Gerhard Schröder, for instance, was no European idealist when he became chancellor in 1998, yet he eventually forged a close partnership with France. Schröder was also key to brokering the financial and institutional solutions that made EU enlargement possible.
Angela Merkel, in turn, started out with a closer rapport with the United States than the EU. But she also found herself working ever more closely with various French presidents as well as moderating agreements at the EU level. While she never turned into a Europhile, she did become the safe pair of hands that Europe now is afraid of losing.
The three most critical events of Merkel’s time as chancellor illustrate how much a German leader needs to work through the EU.
Merkel was reasonably successful in managing the euro crisis because she largely relied on Brussels. It’s a very different story for the Energiewende, the shift toward renewables, which has proved ineffective as well as expensive for Germany’s consumers. After the Fukushima meltdown, Merkel unilaterally took the decision in 2011 to end nuclear power production in Germany, without waiting for either an EU energy policy or the construction of an EU-wide grid.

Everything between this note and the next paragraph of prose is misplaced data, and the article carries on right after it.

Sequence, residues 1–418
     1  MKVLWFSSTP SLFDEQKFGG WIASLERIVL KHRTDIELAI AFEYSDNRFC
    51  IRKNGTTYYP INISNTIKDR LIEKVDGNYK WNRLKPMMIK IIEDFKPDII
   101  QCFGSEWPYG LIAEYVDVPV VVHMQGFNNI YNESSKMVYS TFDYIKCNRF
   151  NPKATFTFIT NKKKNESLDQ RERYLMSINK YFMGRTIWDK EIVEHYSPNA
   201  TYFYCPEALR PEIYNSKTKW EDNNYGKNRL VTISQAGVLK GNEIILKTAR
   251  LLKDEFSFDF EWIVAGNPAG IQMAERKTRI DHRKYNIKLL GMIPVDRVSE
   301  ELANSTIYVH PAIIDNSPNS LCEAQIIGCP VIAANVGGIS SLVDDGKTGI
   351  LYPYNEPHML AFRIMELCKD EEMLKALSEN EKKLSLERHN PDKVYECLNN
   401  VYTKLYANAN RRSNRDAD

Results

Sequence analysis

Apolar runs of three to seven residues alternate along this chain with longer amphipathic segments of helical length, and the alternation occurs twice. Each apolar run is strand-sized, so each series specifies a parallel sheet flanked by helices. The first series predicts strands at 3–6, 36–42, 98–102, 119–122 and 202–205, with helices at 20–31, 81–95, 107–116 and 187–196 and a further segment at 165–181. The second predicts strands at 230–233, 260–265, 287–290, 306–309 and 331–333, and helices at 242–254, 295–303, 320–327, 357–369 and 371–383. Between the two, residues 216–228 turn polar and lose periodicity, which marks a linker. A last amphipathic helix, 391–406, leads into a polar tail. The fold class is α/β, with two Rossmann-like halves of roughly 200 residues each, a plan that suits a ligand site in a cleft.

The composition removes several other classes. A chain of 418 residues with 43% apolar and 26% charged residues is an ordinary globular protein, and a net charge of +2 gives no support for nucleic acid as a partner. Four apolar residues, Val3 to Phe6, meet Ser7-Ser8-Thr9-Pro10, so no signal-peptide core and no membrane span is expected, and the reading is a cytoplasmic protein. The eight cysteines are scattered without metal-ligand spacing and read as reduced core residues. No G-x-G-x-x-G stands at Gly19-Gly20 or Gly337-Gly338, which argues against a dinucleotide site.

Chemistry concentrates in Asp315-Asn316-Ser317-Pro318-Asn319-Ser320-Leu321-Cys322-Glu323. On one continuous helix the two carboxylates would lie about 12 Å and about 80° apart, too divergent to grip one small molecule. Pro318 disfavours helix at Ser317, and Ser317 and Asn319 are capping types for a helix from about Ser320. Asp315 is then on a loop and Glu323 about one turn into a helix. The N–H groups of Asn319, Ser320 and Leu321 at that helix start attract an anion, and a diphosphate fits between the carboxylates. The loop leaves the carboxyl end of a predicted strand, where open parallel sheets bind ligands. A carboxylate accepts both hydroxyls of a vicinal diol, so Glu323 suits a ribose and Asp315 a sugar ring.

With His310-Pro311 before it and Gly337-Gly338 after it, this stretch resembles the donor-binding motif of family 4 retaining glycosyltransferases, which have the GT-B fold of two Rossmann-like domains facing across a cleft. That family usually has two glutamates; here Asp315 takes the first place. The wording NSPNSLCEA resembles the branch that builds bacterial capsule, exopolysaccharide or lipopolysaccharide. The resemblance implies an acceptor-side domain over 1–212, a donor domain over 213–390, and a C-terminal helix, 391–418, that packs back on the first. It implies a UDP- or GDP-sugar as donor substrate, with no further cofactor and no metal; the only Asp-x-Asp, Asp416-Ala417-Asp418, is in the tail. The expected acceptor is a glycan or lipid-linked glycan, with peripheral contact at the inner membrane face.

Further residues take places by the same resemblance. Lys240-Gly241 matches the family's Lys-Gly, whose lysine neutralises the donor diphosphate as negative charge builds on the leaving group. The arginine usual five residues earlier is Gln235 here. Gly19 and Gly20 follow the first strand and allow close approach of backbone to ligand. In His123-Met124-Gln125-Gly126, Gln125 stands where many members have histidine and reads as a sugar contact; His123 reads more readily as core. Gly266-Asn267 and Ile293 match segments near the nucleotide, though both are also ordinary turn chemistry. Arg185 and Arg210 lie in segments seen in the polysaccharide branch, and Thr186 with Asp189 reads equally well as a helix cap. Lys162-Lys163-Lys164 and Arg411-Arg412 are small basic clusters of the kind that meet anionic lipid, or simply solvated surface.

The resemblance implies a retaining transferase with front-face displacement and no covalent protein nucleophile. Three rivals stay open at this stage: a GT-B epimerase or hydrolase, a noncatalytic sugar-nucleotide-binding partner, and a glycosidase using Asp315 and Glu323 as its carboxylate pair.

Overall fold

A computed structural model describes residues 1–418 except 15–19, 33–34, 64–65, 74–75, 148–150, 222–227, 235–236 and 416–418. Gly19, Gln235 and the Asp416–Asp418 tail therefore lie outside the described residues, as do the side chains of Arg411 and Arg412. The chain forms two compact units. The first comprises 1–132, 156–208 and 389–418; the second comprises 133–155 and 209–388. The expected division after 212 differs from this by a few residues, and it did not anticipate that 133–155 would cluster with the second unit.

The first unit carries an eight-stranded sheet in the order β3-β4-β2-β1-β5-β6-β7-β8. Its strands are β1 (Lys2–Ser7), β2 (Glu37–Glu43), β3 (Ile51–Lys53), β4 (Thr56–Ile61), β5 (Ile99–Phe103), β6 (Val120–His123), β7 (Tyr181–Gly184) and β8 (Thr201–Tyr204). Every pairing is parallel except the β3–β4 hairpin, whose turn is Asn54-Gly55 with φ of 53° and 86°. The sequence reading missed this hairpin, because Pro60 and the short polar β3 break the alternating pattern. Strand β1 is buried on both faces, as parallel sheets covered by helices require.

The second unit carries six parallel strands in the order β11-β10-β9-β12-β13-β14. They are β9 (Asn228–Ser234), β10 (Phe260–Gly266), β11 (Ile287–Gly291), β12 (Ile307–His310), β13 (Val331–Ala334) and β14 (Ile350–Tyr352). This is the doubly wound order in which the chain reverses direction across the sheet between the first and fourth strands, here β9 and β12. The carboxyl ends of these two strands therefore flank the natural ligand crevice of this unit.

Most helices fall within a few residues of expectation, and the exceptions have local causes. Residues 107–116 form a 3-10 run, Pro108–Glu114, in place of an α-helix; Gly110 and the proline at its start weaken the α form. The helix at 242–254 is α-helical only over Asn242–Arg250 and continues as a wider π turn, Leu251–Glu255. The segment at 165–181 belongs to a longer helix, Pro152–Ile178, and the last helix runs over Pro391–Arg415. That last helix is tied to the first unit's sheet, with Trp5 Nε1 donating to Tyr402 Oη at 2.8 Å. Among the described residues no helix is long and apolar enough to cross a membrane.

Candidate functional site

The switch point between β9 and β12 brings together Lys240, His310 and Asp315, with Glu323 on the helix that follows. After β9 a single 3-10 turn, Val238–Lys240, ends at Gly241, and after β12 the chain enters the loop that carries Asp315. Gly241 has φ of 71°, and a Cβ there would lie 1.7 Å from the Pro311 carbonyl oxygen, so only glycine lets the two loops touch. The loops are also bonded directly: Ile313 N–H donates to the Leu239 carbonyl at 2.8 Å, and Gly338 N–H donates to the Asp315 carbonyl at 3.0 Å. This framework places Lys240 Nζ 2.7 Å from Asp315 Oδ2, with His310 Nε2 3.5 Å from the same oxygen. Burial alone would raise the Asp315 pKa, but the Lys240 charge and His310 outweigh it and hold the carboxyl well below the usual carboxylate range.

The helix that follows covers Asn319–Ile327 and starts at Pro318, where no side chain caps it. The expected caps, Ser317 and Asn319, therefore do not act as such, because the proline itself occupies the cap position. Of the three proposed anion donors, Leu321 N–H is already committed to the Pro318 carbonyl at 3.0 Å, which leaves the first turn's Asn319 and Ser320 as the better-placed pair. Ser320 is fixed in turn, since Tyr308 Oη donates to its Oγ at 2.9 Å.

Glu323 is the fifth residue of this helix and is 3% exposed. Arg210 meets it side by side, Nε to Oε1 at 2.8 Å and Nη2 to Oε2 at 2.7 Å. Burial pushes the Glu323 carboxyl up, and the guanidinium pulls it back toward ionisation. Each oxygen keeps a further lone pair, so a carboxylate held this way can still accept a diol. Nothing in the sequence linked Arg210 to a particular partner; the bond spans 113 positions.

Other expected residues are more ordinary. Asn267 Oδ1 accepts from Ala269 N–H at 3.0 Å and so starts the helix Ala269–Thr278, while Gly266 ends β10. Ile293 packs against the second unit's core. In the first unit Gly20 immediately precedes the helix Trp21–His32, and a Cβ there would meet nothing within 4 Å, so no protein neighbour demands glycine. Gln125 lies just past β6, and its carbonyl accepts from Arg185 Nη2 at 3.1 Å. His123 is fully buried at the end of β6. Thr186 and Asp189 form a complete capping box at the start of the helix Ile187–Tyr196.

Finally, there is the refugee issue, which has deeply divided German society and profoundly damaged Merkel’s standing at home and abroad. With a more European approach, much of this could have been avoided. To be fair, any EU agreement on refugees would never have been easy. But in 2015, Merkel didn’t even try very hard before deciding to keep Germany’s borders open.
As her long term in public office draws to a close, Merkel unlikely to do great European deals in order to shape her legacy—apart from the political pressures, that would just be out of character. But neither is there reason to believe that her successor will be more skeptical about future integration than she has been, at least not after an initial learning phase.